After lunch on the river and an afternoon of floating, groups pull into a river camp 35 miles downstream from their starting point just outside the park. There they find their dry camping gear waiting in tents - trucked in from the base camp by staffers - along with a Dutch-oven chicken dinner, volleyball and horseshoes. There also is time at the river camp to wet a line and reduce the river's rainbow trout population, a favorite pastime. All meals on the trip are prepared by staff cooks. Young men are enlisted for cleaning up. Groups float every day of the week except Sunday.
In the morning after a brief orientation, it's into canoes - the first time for most - for 30 miles of white water paddling, arriving at the base camp that evening. River etiquette and especially safety are emphasized throughout the trip. Life jackets are a must when on the water.
Along the way most get wet by chance or choice. Many are swamped or tipped in rapids; others engage in water fights or plunge into the icy river to tip a leader's canoe.
At base camp, there are cabins for sleeping, staff housing, a dining hall, warehouse for canoes and supplies, basketball and volleyball courts, horseshoe pits, campfire bowl and a trading post. Roughing it was never better. Groups dine on barbecued beef the second night, hot cakes the next morning and are back in the river for another half-day before pulling out and being driven back to the base camp for lunch. Then most groups are on the road for the return trip home.
For most of the past 12 summers, the Teton High Adventure Base has been directed by Bill Barnes and Sid Davis, executives with the Great Salt Lake Council-BSA. The two have helped integrate the operation into the fabric of the local community, opening the permanent base camp on council-owned property in 1979.
Prior to that, base camp was set up on leased land and was often moved from place to place along the river as circumstances changed.
"When the base camp was built, we really started professionalizing the operation and carrying larger numbers of kids," Barnes explained. "The program had started in the late 1950s with a few canoes and a couple of guides. They would take a couple of trips a week, starting with lake trips in the park, then gradually coming farther down the river. They used to carry all the gear in canoes and camp wherever it was convenient."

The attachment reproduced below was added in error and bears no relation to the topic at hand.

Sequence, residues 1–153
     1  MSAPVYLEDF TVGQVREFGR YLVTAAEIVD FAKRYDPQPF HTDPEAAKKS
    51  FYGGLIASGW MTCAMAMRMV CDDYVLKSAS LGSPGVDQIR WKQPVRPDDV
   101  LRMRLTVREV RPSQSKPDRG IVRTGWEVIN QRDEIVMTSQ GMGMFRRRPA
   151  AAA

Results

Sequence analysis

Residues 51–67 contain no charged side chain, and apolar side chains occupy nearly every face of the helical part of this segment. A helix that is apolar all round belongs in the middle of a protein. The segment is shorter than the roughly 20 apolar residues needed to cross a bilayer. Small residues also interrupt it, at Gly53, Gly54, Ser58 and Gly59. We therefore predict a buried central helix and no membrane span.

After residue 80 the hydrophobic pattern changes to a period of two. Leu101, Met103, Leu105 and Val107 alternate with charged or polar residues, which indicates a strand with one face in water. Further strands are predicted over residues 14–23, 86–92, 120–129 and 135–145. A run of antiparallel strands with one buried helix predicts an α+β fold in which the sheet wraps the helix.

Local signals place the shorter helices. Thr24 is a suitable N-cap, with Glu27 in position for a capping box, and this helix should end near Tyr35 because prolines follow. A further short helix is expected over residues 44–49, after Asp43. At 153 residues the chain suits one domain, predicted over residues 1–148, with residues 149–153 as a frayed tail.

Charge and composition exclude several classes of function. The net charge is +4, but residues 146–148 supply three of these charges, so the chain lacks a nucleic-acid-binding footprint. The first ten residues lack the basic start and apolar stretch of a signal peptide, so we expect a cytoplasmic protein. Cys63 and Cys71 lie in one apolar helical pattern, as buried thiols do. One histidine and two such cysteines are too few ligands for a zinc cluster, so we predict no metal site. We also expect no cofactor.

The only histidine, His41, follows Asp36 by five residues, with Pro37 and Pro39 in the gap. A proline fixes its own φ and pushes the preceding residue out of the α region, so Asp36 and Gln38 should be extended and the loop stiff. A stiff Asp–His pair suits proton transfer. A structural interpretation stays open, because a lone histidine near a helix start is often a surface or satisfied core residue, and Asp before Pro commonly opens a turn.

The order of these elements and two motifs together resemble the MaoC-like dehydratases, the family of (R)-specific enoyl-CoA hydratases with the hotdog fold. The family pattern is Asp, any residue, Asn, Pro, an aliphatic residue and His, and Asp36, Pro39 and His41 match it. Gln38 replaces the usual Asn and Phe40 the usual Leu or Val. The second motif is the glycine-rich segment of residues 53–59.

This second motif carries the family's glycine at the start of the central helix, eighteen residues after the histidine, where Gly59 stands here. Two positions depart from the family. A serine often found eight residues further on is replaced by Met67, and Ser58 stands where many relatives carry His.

Barnes said about 70 percent of the participants are from the Salt Lake City area, a five-hour drive. Most of those are Church-sponsored units. The balance are Varsity and Exploring units from other parts of the country that learn of the program through their local councils.
Under the new Church budget guidelines, Varsity Scouts and Explorers can earn money for a council-sponsored activity each year, and the canoe base provides that experience under expert supervision, according to Barnes.
Andrew Johnson, a teacher in the Draper 6th Ward, Draper Utah North Stake, recently made the trip. He paid his way by helping a neighbor move dirt and digging weeds. Others earned money in a similar manner.
"It's been worth it," he said, after a day on the river. "I'd do it again."
Bishop Darrell Pehrson of the Murray 16th Ward, Murray Utah West Stake, floated the river in early August with youths in his ward. "I think it's a real growing experience. The young men got along well and did some things they didn't think they could do."
Explained Davis: "Bill and I try and provide a quality environment for the guides and for everyone who comes up on the trip. We do everything possible to minimize the risks. The guides' first responsibility is the safety of those going down the river. That's a lot to put on their shoulders. This provides them a good experience away from home where they are given some responsibility and a chance to find themselves."
Along with getting wet.